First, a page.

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Research Papers

Feature-Based Solid Model Reconstruction

[+] Author and Article Information
Jun Wang

College of Mechanical and
Electrical Engineering,
Nanjing University of Aeronautics
and Astronautics,
Nanjing 210016, China
e-mail: davis.wjun@gmail.com

Dongxiao Gu

School of Management,
Hefei University of Technology,
Hefei 230009, China
e-mail: mikehfut@gmail.com

Zhanheng Gao

Institute of Mathematics,
Jinlin University,
Changchun 130012,China
e-mail: gaozhanheng@gmail.com

Zeyun Yu

Department of Computer Science,
University of Wisconsin-Milwaukee,
Milwaukee, WI 53211
e-mail: yuz@uwm.edu

Changbai Tan

e-mail: tcbnuaa@nuaa.edu.cn

Laishui Zhou

e-mail: zlsme@nuaa.edu.cn
College of Mechanical and
Electrical Engineering,
Nanjing University of Aeronautics
and Astronautics,
Nanjing 210016, China

Contributed by the Computers and Information Division of ASME for publication in the Journal of Computing and Information Science in Engineering. Manuscript received August 9, 2011; final manuscript received November 2, 2012; published online January 10, 2013. Editor: Bahram Ravani.

J. Comput. Inf. Sci. Eng 13(1), 011004 (Jan 10, 2013) (13 pages) Paper No: JCISE-11-1399; doi: 10.1115/1.4023129 History: Received August 09, 2011; Revised November 02, 2012

In this paper, we propose an effective solution to reconstruct solid models of existing objects. Specifically, we convert the model reconstruction problem into the issue of feature parameter extraction, and thereby design diverse methods to extract the parameters of basic design features from input surface meshes. After extracting the feature parameters, the corresponding features are constructed. By performing modeling operations on those features, the final solid model is constructed, and meanwhile the complete history of the model building operations is recorded. By introducing the concepts of “feature,” “constraint,” and “modeling history” into the reconstruction process, the design intent is captured and hence represented in the reconstructed model. As a result, the model is geometrically accurate and topologically consistent, and moreover it is flexibly editable, which makes it convenient to carry out model redesign and modification for the innovation applications. A variety of experimental results demonstrate the effectiveness and robustness of this solution.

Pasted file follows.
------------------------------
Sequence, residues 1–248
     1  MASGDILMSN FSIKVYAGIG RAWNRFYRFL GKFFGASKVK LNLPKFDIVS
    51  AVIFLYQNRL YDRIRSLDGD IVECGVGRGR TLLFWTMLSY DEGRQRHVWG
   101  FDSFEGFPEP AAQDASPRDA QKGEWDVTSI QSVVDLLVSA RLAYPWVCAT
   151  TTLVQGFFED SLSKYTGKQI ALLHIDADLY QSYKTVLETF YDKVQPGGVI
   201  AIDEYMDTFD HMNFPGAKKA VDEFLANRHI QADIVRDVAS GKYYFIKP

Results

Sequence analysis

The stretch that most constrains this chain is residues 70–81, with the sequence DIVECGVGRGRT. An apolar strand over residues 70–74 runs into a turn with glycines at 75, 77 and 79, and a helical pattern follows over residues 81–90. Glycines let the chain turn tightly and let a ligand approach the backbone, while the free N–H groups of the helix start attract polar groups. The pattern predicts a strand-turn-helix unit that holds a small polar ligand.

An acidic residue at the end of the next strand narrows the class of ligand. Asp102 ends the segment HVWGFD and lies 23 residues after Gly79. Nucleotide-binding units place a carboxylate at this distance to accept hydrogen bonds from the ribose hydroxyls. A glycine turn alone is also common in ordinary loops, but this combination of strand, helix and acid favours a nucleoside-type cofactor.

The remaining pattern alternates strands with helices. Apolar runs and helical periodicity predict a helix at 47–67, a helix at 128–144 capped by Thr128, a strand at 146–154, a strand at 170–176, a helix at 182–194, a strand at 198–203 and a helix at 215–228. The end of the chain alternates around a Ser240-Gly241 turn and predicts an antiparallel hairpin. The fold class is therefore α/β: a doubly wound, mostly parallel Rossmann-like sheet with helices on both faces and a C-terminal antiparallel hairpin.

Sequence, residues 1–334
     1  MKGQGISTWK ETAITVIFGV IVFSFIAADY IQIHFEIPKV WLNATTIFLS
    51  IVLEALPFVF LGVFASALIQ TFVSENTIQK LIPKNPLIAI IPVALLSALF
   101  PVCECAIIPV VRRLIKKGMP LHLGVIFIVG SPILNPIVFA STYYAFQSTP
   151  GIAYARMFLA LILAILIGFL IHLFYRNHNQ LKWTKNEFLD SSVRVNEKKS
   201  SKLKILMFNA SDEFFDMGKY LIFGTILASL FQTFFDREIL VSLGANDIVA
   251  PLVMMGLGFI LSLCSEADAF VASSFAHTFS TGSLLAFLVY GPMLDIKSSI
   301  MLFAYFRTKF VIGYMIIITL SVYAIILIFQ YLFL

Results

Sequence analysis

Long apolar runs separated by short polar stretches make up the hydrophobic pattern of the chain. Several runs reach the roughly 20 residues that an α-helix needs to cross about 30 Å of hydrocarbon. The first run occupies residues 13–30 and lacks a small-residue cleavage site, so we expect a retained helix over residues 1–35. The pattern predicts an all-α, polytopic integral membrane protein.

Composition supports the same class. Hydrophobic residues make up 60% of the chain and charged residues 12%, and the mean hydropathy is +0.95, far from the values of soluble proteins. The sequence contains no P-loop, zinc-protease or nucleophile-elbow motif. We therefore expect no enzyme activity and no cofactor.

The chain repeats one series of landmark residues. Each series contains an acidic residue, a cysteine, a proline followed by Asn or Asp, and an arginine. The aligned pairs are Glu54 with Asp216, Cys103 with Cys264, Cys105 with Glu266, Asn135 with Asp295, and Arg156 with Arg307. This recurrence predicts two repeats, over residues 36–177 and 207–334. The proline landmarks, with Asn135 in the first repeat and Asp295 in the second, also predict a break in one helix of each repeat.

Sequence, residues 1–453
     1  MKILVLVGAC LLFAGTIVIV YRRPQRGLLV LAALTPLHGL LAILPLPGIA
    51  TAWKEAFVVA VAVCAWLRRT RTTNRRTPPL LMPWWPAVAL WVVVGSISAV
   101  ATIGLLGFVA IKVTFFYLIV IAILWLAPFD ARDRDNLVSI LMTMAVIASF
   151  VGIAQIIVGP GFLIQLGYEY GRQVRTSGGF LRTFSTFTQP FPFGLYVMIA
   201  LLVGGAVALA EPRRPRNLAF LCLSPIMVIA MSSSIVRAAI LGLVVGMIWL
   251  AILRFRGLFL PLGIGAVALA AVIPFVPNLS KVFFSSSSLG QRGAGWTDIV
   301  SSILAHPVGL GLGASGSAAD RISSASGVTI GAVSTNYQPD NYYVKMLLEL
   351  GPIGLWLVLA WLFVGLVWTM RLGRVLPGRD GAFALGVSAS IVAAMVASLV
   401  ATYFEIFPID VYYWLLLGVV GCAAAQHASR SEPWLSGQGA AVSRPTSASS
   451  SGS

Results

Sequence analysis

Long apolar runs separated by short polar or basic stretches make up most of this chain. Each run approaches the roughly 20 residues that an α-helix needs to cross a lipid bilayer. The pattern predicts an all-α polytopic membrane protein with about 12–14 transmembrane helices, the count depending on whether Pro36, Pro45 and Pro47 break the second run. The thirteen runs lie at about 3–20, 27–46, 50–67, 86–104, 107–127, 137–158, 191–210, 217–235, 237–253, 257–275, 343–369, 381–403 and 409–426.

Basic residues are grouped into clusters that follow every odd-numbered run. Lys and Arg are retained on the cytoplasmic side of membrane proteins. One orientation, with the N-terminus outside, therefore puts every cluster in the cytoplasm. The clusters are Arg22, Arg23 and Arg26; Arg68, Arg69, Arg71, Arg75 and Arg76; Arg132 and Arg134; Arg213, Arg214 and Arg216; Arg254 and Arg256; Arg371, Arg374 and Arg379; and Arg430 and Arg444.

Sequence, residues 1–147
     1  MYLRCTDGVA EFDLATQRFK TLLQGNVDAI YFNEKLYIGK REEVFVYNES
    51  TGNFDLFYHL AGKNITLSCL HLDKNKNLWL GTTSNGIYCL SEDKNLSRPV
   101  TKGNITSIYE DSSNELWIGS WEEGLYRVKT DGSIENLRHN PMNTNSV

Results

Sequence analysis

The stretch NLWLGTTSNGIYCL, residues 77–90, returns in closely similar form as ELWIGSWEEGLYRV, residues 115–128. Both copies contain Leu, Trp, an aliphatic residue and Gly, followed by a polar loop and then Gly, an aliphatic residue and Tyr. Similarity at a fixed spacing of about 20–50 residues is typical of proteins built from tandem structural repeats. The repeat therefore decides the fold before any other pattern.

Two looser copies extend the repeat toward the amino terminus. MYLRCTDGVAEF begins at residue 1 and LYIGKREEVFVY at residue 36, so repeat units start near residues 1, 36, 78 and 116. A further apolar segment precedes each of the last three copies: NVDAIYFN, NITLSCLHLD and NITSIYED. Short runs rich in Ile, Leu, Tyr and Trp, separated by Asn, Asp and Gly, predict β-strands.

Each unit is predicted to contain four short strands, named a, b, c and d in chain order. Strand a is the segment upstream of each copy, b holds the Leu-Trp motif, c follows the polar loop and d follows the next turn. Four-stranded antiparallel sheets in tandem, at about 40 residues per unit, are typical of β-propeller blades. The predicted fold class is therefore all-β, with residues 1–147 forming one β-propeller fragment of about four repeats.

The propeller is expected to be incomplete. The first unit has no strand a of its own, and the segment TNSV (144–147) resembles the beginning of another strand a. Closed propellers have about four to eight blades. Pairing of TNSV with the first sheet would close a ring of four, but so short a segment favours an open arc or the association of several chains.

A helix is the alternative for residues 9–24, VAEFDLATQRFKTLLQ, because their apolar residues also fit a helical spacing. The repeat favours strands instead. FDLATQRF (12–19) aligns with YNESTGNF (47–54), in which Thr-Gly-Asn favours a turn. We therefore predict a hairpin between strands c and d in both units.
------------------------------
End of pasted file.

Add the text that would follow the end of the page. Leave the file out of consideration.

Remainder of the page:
Copyright © 2013 by ASME
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Figures

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Fig. 1

Reconstruction of a 2D contour from sectional points in an industrial part. (a) The point set of the part; (b) the sectional points from the part; (c) the curvature distribution graph; (d) the sectional point segmentation result, where each segment consists of the points bounded by two adjacent “cross points”; (e) the curves individually fitted from segments; (f) the potential constraints; and (g) the final contour fitted with constraints. Again, the reconstruction result is favorable.

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Fig. 2

Reconstruction of a 2D contour from sectional points in a blade part. (a) The point set of the blade; (b) the section points from the blade; (c) the fitted curve segments; (d) the potential constraints among curves; and (e) the final contour. Note that the contour is reconstructed with a good result.

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Fig. 3

Reconstruction of an extrude feature. (a) The point set on the side surfaces of the part; (b) the normal vectors of the point set; (c) the extrusion direction; (d) the sectional points; (e) the reconstructed 2D contour; and (f) the reconstructed feature.

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Fig. 4

Extraction of the revolution axis of the revolve feature

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Fig. 5

Extraction of the revolution contour of the revolve feature

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Fig. 6

Reconstruction of the revolve feature in a mechanical part. (a) The triangular mesh of the part; (b) the normal vectors of the point set; (c) the revolution axis; (d) the sectional points; (e) the reconstructed revolution contour; and (f) the reconstructed feature.

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Fig. 7